• Display engine 123, which is usually called by processing engine 121 after results of a user request are generated or retrieved, is programmed or configured to receive output contents and generate instructions or directives (which may incorporate output contents) to render an output representation. In one implementation, display engine 123 generates a text string organized in accordance with a pre-defined markup format having presentation semantics, such as HTML, such that when a client application of a client device 101, such as a web browser or a custom application, receives the text string, the client application can render the contents embedded therein in accordance with the presentation semantics provided therein. One example of such a text string is an HTML page. Although in FIG. 1B, GUI display engine 123 is shown as included in skill-rater module 112 of application modules 109 residing in backend system 102. Display engine 123 may, in another implementation, reside in a client application of a client device 101 to perform the same or similar functionalities described above, namely, receiving output contents and generating instructions to render an output representation.
  • Turning to a client device 101, referring to FIG. 1C, which is a block diagram illustrating an exemplary client device 101, a client device 101 may comprise, inter alia, an input module 151, one or more processors 152, communication and interface modules 153, a system memory 154 (which may include an operating system 155 and client applications 156), a display module 157, and a storage module 158.
  • Examples of a processor 152 include a microprocessor and a microcontroller. The input module 151 receives input from a user and provides the received input to processors 152 for further processing by software programs running in processor(s) 152. The input module 151 may include a keyboard, an input pointing means (such as a mouse, a touchpad, a touch screen, or any combination thereof), input keys, or any combination thereof. Communication and interface modules 153 may provide wired and/or wireless networking capabilities and capabilities of interfacing with other external devices. Communication and interface modules 153 may include one or more communication devices (such as network interface device (NID), an RF unit, and antenna, or any combination thereof) and/or one or more interfacing devices (such as one or more USB connectors), as well as software or firmware modules driving or supporting aforementioned communication and/or interfacing devices. Display module 157 may include one or more display devices, such as an LCD display screen, that is used to display user input data or output data provided by an application running in the shown client device. Display module 157 may include a touch screen which also allows user to input data. In that case, Display module 157 may also serve as an input device (particularly an input pointing means) included in input module 151. Storage module 158 may include various internal and external storage media, such as RAM, ROM, hard disk, smart card, flash memory, and any external storage accessible via, e.g., the communication module or an interface module (not shown) of the client device, such as a USB interface.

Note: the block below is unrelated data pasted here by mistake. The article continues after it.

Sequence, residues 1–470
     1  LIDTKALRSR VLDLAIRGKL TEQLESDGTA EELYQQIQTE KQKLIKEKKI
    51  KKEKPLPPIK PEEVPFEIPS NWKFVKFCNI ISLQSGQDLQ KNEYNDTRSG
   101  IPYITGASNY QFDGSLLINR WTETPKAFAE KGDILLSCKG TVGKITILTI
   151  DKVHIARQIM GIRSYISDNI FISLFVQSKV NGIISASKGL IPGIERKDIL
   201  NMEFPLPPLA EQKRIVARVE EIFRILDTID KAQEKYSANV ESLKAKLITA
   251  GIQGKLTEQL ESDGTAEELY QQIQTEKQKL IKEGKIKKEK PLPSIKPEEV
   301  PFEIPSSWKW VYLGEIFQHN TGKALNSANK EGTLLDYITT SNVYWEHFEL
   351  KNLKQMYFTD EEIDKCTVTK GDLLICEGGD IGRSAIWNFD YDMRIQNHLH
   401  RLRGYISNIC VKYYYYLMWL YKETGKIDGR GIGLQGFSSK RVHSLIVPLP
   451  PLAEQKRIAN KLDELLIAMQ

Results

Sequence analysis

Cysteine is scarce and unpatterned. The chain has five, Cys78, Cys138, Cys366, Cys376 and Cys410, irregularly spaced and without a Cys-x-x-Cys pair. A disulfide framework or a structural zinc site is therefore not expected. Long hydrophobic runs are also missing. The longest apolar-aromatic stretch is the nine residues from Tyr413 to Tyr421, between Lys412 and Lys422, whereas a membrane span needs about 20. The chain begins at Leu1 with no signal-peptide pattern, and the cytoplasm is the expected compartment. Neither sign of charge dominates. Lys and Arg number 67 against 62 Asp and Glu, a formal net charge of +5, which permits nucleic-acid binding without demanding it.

• One or more client applications 156 may be loaded into system memory 154 during an operation of a client device 101. Non-browser client applications are commonly referred to as “apps” when client device 101 is a smart mobile device such as a smart phone or a tablet PC. A non-browser custom client application 156 may exist in various forms. For example, a non-browser custom client application 156 may be a standalone application running in a smart phone, a tablet, PC or notebook computer. A non-browser custom client application 156 may also be a software module running inside a specific application context, such as a so-called “Facebook app” running inside a Facebook context (a social networking context), or either a Java applet or an ActiveX control running inside a web browser (which is also a client application 156).